Within its perennial theme of peace, each year the IPG has a unique annual design theme for its floral plantings. Developing a plan to express that theme through colorful plantings is a massive undertaking that starts the previous summer and continues into fall. The design staff gets input from the administration and the seasonal staff to develop the concept for the following year. In late summer of 2021, the theme of celebrating the Garden’s 90th anniversary was chosen for the 2022 season.
Each year’s plan takes into account numerous factors such as the continuity in the landscape, the size and location of the various flower beds, spacing of different plants, the different varieties, colors and textures, and what plants will be available from their suppliers. By October, everything has to be calculated down to the last petunia so the plants can be ordered. IPG plants are sourced from Manitoba and North Dakota, as local vendors are invited to place their bids on the 70,000 to 100,000 annuals that will be needed each year.
In a typical year, the IPG orders seedlings that start arriving in March and are grown to maturity in on-site greenhouses. But this year, the greenhouses are filled with cacti and succulents that are usually housed in the Conservatory, which is currently undergoing expansion. So this year’s seedlings will be grown to maturity by an off-site contractor.
Planting usually starts the first week of June when the danger of frost is past. Planting takes the crew of 12 about a month, with the goal of having all the annuals in place by July 1. Once planted, they need frequent watering in the 2 to 3 weeks it takes for them to become established, followed by regular watering, occasional fertilizing, and a lot of weeding throughout the season. The theme for 2022, Celebrating 90 Years Through Music and the Arts, is also woven into the displays, with playful visuals that include plants growing out of pianos and tubas, flower beds designed like musical notations, and real, playable pianos in the picnic shelters.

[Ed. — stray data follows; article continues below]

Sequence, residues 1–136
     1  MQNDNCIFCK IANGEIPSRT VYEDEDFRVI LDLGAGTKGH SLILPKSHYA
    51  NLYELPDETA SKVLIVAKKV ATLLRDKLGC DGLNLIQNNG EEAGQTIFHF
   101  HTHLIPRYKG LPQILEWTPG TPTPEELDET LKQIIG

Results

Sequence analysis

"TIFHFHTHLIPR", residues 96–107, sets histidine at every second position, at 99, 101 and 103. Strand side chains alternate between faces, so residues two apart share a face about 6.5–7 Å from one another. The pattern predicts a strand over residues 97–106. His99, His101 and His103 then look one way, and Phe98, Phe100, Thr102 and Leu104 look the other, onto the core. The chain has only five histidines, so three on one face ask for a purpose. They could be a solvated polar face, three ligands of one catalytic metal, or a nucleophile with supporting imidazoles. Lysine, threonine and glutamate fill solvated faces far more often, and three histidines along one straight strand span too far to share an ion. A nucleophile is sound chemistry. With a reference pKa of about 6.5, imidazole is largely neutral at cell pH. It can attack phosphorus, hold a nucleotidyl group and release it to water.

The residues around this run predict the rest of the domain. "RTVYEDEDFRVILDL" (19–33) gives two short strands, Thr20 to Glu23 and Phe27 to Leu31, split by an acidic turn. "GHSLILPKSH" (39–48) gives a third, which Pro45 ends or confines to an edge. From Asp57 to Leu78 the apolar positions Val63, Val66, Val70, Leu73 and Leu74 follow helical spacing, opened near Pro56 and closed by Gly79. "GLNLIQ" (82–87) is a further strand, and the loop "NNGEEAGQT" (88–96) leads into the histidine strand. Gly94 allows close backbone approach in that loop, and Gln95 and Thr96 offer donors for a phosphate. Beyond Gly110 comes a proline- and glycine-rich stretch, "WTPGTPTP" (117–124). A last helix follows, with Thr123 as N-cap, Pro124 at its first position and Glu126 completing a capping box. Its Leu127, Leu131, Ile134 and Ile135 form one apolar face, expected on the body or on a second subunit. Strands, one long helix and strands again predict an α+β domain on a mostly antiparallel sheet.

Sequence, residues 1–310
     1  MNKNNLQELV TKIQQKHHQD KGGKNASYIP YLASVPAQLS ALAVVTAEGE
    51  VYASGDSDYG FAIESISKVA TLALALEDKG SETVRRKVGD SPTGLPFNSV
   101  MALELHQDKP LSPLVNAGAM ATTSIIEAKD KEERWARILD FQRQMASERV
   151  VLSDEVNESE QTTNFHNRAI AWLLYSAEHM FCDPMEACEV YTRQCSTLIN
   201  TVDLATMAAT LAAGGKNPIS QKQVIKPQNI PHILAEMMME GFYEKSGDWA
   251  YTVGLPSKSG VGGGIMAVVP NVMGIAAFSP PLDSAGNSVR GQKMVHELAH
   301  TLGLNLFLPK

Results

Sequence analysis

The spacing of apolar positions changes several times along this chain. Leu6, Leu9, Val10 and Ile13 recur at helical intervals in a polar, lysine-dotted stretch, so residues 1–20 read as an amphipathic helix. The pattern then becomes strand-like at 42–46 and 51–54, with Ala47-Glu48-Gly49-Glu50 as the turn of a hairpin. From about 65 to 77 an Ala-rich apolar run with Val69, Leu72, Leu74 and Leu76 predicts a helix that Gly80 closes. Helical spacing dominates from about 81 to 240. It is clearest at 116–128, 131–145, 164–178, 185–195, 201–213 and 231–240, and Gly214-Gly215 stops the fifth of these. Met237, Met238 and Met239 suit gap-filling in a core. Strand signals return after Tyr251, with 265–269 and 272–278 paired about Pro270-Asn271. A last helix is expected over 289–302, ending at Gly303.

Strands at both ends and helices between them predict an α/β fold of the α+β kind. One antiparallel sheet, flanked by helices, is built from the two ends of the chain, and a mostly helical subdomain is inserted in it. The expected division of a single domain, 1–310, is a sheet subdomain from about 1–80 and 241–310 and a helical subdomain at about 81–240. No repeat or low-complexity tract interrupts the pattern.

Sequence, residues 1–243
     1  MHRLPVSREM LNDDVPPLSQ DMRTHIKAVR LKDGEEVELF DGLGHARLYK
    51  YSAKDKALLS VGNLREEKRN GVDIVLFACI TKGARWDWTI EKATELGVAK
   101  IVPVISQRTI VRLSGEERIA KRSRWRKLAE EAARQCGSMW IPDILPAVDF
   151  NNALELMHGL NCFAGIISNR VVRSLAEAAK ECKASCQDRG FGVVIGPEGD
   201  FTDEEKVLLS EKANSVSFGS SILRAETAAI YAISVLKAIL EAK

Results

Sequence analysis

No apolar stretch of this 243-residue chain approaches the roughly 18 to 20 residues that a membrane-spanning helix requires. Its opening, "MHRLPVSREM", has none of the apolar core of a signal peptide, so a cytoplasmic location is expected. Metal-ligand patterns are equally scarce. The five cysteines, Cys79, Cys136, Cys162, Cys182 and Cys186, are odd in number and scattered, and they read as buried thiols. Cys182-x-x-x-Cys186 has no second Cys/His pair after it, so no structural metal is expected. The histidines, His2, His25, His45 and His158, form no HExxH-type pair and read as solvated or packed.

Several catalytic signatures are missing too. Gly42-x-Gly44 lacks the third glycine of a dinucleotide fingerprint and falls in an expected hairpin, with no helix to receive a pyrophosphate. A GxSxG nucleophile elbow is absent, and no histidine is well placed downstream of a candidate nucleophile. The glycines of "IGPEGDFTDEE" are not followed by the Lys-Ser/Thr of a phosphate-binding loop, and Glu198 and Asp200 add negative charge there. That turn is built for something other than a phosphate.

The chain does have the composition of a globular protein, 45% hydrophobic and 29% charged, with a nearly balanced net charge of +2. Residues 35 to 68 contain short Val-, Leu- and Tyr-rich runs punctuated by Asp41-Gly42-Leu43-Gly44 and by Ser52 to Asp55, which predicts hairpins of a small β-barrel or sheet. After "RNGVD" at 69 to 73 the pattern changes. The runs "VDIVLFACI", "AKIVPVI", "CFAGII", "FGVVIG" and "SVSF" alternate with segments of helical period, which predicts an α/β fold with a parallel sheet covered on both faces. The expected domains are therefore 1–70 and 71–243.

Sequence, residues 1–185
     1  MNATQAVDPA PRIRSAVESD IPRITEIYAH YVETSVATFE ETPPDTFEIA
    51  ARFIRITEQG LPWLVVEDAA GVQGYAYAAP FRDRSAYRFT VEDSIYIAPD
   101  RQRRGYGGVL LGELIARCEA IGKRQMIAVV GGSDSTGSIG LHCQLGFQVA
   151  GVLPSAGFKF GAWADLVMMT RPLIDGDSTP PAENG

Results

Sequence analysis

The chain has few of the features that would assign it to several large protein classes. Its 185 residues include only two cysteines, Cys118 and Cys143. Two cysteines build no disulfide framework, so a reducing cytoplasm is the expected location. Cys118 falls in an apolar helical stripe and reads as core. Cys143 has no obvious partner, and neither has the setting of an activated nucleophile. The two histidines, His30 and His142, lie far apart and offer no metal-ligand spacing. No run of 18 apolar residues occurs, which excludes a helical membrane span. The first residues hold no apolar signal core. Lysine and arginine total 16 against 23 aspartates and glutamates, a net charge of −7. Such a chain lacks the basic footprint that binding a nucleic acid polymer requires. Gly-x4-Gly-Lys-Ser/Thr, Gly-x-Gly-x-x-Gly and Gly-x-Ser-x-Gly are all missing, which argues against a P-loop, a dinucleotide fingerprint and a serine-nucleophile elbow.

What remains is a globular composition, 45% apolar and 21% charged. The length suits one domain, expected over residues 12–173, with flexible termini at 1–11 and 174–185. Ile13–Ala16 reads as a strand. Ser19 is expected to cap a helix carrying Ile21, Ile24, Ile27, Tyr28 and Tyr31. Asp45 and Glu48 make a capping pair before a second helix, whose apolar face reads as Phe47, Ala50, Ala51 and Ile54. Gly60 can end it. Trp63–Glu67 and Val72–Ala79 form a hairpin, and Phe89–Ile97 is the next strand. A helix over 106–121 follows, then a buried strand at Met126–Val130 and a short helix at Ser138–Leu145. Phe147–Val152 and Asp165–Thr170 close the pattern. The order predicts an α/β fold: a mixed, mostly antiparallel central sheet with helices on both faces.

In addition to the acres of outdoor flowers, trees and shrubs, the IPG’s Conservatory is home to one of the most diverse displays of cacti and succulents in the world. The expansion currently underway in the Conservatory will enable the facility to better display and care for the collection, as well as share the history of the Garden in an immersive landscaped space that will attract visitors year-round.
Over 5,000 species and cultivars are represented in the collection that was donated by Don Vitko of Minot, North Dakota. It includes rare and endangered species from ecological niches that are undergoing incursion caused by encroaching infrastructure, overgrazing, climate change, and conflict zones.
The Conservatory also provides a platform for teaching the importance of conservation, as it helps preserve vulnerable species that may have as-yet unknown beneficial properties. Conservation is a vehicle for promoting peace by teaching us to value and protect living things and work to create a sustainable environment where they can survive and thrive.
Visitors to the IPG often comment on the sense of serenity that pervades the garden. Horticulturists and home gardeners alike often note the feeling of tranquility that’s created by proximity to and working with plants. They ground us to the earth we live on, and we depend on them for our survival. Plants and peace are inextricably bound together, and their profusion in the garden provides the ideal setting for not only admiring their beauty, but creating an atmosphere conducive to the garden’s purpose and mission of celebrating peace between nations.
— Thanks to IPG staff Johannes Olwage, Director of Horticulture and Conservatory, and Jonah Neufeld, Conservatory Horticulturist, for providing information for this article.
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